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Why are there so few headphones that can cover the full audio range well? - Page 3

post #31 of 68
Most people have never heard flat response, and if they have, they attribute the improvement to other unrelated things like jitter hoodoo or cable placebo. Frequencies are what we actually hear. Once you deal with dynamics and distortion, which are rarely a problem in home audio any more, the primary thing left to address is the response. Balance that, and you've created an accurate representation of the sound as it was recorded. Why? Because most every high end sound studio records and mixes on equipment tuned to flat response.
post #32 of 68
Quote:
Originally Posted by bigshot View Post

Most people have never heard flat response, and if they have, they attribute the improvement to other unrelated things like jitter hoodoo or cable placebo. Frequencies are what we actually hear. Once you deal with dynamics and distortion, which are rarely a problem in home audio any more, the primary thing left to address is the response. Balance that, and you've created an accurate representation of the sound as it was recorded. Why? Because most every high end sound studio records and mixes on equipment tuned to flat response.

I assume my 10 year old HT towers are pretty neutral, at least compared to my RS1i...

post #33 of 68

Even flat speakers aren't flat without room treatment and equalization.

post #34 of 68
Quote:
Originally Posted by Happy Camper View Post

I'm not claiming there isn't an exception but an awful lot of them can do one end or the other well but have noticeable loss in the other parts. Seems the same with sources. They are tuned for some things but are weak in others. What is it that won't allow for a full frequency tuning?
Example are the orthos. The LCDs excel in bass but are weaker in the mid to upper registers. The HE is just the opposite.
Am I missing something or just ignorant of the design issues?

agree with the poster who mentioned ety's doing a good job at this. i'm not quite sure what he means by one note bass. unfortunately, in this universe everything involves a tradeoff. there will never be a perfect speaker, or perfect sound environment, or perfect headphone. for example, you get better mids and highs and better overall sound with an open backed headphone, but you lose some of the bass impact, in closed headphones, it's the opposite. in speakers where multi drivers are concerned, you may be able to do a better job at reproducing the entire sound spectrum, but then you have other problems like timing and phase issues. in an ideal, theoretical world, one driver would be able to cover the entire frequency range and this would give the best sound, but it doesn't work like that in the real world. plenty of headphones come close to doing well in all ranges, take K701, sennheiser HD600 on up, and many other headphones that are similar.electrostatic headphones and planar magnetic headphones can do a good job at rectifying most of the issues you described, but on the planar magnetic end, i think it is going to take a bit of time for all of the kinks to be worked out and things to be fine tuned.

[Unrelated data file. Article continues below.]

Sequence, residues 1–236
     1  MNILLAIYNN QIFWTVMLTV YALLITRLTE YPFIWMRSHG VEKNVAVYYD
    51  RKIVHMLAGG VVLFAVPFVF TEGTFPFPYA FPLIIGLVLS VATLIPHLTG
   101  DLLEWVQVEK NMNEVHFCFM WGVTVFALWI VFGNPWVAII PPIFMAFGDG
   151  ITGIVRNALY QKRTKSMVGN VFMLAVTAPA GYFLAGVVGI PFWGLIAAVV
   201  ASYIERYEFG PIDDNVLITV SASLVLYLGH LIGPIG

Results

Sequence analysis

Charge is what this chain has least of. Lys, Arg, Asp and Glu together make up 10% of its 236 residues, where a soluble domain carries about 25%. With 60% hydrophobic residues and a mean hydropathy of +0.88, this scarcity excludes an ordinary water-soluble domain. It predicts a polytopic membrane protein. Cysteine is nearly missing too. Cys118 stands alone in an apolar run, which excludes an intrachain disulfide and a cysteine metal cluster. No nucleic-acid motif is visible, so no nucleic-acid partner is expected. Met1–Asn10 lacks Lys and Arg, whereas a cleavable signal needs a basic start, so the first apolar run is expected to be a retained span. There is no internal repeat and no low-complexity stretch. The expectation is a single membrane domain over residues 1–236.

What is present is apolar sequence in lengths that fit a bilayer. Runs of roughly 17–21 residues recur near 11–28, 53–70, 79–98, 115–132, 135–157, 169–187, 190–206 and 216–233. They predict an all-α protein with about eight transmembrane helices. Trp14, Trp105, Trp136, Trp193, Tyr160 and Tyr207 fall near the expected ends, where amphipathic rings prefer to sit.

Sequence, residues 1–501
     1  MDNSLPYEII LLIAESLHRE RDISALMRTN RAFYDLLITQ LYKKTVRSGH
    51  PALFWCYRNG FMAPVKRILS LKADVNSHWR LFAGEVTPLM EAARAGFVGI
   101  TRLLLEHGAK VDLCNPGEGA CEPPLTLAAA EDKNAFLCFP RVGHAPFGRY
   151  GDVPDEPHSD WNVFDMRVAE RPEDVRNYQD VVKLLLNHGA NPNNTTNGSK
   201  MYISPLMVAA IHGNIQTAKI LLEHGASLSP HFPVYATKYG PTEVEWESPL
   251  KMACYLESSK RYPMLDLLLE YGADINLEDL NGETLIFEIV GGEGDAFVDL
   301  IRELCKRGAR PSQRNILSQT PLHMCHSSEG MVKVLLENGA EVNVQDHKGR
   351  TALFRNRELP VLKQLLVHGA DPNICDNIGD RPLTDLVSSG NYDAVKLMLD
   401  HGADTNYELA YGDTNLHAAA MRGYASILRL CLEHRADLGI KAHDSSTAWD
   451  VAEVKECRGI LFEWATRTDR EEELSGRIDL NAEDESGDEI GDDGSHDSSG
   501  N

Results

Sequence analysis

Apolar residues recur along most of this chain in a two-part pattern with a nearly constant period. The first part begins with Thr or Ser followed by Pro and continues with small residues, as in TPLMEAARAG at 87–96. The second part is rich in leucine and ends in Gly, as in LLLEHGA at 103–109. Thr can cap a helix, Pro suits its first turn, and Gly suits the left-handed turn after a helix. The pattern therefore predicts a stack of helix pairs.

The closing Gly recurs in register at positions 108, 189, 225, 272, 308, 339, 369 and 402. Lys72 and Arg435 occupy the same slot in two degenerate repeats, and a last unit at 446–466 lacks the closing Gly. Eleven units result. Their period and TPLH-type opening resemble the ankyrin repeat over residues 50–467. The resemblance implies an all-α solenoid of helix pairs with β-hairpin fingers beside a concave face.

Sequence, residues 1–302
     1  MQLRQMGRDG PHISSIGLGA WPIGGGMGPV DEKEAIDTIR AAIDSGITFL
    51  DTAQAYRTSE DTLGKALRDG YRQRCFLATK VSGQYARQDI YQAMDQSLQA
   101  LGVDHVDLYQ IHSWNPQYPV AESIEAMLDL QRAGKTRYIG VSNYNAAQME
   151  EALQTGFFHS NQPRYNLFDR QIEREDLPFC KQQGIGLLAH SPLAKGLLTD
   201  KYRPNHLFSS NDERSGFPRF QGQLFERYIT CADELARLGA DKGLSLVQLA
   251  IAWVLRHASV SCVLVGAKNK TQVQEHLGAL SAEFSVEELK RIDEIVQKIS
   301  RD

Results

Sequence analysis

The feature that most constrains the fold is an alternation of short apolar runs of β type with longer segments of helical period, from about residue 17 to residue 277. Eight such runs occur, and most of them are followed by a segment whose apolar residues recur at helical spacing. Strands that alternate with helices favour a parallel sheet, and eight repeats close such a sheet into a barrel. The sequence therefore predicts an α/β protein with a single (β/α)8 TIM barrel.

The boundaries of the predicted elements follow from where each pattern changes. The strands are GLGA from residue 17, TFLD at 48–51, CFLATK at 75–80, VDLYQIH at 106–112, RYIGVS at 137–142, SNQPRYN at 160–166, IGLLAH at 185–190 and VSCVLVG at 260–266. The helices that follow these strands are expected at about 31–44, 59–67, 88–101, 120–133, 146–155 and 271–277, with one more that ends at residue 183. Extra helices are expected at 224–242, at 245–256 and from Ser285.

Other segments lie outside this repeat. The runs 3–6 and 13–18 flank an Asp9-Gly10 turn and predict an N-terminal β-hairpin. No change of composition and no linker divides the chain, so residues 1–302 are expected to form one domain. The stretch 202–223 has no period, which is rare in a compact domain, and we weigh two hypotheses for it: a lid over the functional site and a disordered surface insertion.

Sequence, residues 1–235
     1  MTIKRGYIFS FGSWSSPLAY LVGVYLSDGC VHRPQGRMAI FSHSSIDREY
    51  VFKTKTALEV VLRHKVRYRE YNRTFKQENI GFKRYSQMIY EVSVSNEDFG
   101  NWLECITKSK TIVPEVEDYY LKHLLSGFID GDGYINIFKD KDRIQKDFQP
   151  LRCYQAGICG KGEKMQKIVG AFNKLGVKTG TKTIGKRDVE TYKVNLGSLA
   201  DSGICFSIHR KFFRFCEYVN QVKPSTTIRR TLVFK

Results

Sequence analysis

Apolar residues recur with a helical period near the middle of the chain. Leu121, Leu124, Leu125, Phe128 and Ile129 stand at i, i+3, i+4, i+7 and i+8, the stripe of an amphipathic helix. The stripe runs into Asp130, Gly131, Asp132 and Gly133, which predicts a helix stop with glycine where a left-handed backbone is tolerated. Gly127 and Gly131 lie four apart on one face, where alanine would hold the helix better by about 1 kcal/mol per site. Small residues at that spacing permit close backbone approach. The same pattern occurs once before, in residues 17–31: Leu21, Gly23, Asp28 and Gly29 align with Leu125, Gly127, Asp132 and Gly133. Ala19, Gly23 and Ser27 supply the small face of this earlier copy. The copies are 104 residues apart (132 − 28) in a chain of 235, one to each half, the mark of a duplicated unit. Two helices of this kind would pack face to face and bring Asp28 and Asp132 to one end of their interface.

post #35 of 68
Quote:
Originally Posted by bigshot View Post

Even flat speakers aren't flat without room treatment and equalization.

Yep. Well, if you put them out in a field, or in an anechoic room, they might be, but I don't think anyone *lives* in those kinds of places. But yep. +1.

And it should be noted that equalization here can get VERY precise to make things majorly correct, no ham-handed 5 bands!

Quote:
Originally Posted by bigshot View Post

Most people have never heard flat response, and if they have, they attribute the improvement to other unrelated things like jitter hoodoo or cable placebo. Frequencies are what we actually hear. Once you deal with dynamics and distortion, which are rarely a problem in home audio any more, the primary thing left to address is the response. Balance that, and you've created an accurate representation of the sound as it was recorded. Why? Because most every high end sound studio records and mixes on equipment tuned to flat response.

I'd basically agree with this too. I think people should be able to speak from this frame of reference before going on about "well I don't care about flat, I want xyz coloration/etc instead, because that's what I prefer" but I think they should be able to take that step if they want. Personally I'm not in love with a perfectly flat response, but I don't dislike it either. If left to my own devices, I'll usually turn the bass down (and here I usually will rely on ham-handed controls) and screw with the mid-range (I can do all of this via EQ depending on the system), and that's just my own personal bias/taste/whatever. But I would take "flat" over a lot of the boom-boom shake the room models that are becoming popular these days, or the over-bright paint-peelers. ph34r.gif
post #36 of 68
Quote:
Originally Posted by Happy Camper View Post

I'm not claiming there isn't an exception but an awful lot of them can do one end or the other well but have noticeable loss in the other parts. Seems the same with sources. They are tuned for some things but are weak in others. What is it that won't allow for a full frequency tuning?
Example are the orthos. The LCDs excel in bass but are weaker in the mid to upper registers. The HE is just the opposite.
Am I missing something or just ignorant of the design issues?